Chuck: Rough day for Chris today, but your content should also persuade, right? She says, “No matter what stage of the funnel your reader is in, your content should be positioned to persuade them to take some kind of action. If readers are in the first stages of connecting with you, your content should persuade them to learn more about your brand, and if they’ve been interacting with you for a while, it should persuade and perhaps even motivate them to convert to a customer.” And that’s exactly what I was saying in reference to the engage. If your content is engaging and you have told a great story, you have informed them, you have educated them, then it will frankly be easy to persuade them.
Chuck: You know, when you tell them– what I added here was: address the FAB in your persuasive content. That feature, the advantage, the benefits. If you attach those features, advantages and benefits to the information, and the engagement, and the education you’ve already provided, you will get a quality lead out of that. I’d almost bet money on that. So the key is to persuade them, right? Use the right lingo, use the right terms. She says, “Avoid evoking fear. People are naturally risk averse.” I wanted to challenge you on that Ms. Honeycutt.
Chris: Oh yeah. Depends on how you use it.
Chuck: Depends on how you use it, depends on the industry, right? If this is a high cost product, longer sales process, yeah, probably wanna avoid fear because you don’t wanna scare them out of the funnel. However if this is retail, you’re selling Jordans? Yeah, I need you to tell me that there are only three left ‘cause I will be scared to run to the cart and I will buy them immediately. And so I think if you use fear appropriately then it can be a great persuasion technique.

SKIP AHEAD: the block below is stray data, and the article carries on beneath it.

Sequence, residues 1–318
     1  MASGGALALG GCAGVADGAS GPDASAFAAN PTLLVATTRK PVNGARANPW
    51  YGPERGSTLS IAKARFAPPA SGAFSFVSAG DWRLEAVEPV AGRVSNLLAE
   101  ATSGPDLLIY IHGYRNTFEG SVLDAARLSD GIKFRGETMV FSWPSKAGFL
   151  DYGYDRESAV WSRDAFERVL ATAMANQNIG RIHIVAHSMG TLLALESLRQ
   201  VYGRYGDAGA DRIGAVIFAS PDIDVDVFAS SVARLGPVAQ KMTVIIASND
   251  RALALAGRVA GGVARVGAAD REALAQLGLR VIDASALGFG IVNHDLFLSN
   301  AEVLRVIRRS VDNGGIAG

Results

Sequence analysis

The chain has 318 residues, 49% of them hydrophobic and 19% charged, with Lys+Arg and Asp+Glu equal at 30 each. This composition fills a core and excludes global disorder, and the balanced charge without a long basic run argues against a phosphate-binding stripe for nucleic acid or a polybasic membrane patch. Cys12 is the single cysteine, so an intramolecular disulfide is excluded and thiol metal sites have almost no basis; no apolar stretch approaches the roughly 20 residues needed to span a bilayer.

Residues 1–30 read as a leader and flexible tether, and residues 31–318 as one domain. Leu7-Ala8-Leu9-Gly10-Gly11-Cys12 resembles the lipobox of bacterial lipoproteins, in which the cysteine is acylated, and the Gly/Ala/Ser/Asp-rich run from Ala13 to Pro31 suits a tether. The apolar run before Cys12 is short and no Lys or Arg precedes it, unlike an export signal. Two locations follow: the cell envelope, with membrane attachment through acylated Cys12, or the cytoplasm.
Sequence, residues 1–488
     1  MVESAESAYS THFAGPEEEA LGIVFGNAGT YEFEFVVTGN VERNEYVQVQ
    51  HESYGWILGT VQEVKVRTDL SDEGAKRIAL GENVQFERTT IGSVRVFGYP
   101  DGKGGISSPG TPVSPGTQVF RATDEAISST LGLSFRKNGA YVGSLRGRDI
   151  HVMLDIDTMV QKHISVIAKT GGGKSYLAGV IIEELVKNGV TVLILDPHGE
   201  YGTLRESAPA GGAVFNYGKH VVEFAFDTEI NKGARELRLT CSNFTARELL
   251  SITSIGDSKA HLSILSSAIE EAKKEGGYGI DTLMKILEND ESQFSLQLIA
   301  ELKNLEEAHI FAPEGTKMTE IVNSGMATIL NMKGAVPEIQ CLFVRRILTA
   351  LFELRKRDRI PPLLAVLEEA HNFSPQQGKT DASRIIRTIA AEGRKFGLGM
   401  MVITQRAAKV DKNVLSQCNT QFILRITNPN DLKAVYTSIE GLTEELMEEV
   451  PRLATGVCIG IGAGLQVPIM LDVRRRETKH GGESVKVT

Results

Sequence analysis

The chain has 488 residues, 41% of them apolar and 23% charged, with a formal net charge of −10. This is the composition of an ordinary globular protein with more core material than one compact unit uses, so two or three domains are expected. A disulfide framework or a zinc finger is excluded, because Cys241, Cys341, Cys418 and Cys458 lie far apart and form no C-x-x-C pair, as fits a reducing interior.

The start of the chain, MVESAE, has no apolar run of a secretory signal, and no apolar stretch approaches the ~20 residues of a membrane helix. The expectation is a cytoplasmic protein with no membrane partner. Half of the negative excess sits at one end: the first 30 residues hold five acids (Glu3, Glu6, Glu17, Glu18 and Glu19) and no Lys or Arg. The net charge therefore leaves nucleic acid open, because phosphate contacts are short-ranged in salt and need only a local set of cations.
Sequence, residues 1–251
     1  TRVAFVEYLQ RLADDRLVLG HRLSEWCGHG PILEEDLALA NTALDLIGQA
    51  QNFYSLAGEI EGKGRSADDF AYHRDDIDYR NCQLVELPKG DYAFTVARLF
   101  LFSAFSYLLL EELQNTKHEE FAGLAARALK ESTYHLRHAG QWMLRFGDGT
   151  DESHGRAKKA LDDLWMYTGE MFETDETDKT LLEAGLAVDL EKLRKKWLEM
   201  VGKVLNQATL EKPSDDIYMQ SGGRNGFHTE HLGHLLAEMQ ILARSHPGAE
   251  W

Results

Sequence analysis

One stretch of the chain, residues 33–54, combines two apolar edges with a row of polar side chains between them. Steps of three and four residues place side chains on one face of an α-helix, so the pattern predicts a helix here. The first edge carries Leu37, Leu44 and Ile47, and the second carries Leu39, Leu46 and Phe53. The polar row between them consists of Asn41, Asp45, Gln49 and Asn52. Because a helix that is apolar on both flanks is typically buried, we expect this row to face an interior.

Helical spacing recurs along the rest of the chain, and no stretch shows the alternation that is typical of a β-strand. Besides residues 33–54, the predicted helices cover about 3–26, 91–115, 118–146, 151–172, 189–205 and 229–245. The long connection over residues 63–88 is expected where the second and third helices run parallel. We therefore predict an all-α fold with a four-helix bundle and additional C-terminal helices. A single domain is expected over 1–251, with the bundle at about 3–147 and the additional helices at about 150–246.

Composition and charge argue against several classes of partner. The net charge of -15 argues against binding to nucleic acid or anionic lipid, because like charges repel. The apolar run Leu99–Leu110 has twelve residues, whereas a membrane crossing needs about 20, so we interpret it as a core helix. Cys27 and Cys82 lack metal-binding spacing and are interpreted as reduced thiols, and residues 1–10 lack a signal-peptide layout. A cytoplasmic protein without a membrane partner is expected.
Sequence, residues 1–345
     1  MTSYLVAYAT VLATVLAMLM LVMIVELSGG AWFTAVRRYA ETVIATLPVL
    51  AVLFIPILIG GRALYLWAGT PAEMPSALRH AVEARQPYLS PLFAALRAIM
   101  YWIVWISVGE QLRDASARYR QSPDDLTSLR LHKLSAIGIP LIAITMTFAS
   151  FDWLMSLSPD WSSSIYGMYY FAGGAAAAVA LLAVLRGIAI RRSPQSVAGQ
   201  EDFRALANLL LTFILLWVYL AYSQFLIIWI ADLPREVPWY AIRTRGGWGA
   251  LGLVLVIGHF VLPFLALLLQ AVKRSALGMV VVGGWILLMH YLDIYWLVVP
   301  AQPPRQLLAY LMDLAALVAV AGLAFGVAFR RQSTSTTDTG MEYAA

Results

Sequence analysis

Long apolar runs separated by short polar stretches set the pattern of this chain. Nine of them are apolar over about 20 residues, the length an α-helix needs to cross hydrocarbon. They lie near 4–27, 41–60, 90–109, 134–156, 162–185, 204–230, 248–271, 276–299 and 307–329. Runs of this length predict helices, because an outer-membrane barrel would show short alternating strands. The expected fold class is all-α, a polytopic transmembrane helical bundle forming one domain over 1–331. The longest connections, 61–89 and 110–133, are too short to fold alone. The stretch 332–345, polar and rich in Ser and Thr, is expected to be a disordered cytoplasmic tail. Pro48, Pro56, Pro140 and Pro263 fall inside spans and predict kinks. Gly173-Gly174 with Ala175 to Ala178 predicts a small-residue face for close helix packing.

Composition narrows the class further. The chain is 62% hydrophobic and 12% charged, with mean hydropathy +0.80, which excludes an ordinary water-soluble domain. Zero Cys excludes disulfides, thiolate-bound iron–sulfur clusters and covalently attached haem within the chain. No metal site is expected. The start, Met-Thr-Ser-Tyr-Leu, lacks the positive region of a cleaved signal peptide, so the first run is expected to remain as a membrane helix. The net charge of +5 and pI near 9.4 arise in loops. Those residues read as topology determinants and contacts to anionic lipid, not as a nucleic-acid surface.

Chuck: Number 9.
Chuck: Oh hold on, before we go to number 9, back to persuade. She did say this, and I highlighted this, “Using phrases such as: ‘money back guarantee,’ and ‘free trial,’ ‘without any financial risk.’” Those are great ways to persuade people and reduce fear.
Chuck: I totally cosign that.
Chris: Reduce risk, yeah.
Chuck: Exactly. Number 9.
Chris: Number 9!
Chuck: She says, “Be optimized for conversions,” right? And we’re talking about the “10 things your content must do to succeed.”
Chuck: She says, “Your content should always include a call-to-action that tells your readers exactly what you want them to do next.”
Chuck: You should never– and I don’t care what kinda content it is. If this is a white paper, this is a blog post, this is a video, it’s a remarketing ad, whatever kind of promotional content piece it is, have a CTA.
Chuck: Either some button, a form, a phone number, something. Give your users a way to engage with you. Matter of fact I said, “Make sure that the CTA is actually relevant to the content and the platform.” Oh Chuck, what does that mean? Well, look if these people are, I don’t know, visiting you on a mobile device, right? Then it may not be necessary for you to have some big high res infographic that you want them to go download.
Chuck: It’s just not gonna be a good experience on a mobile device, right? But maybe you want them to download some music? Perfect CTA for visitor on a mobile device ‘cause that’s where most people listen to their music at. So the key is understanding which platform that most of your users visit your site on, right? And understanding the type of content you wanna put out and then that way you can optimize it for the right conversion. The key is making sure that you have the right stuff in place to get that conversion. If this content doesn’t have any CTAs, then you’ll likely won’t get any conversions.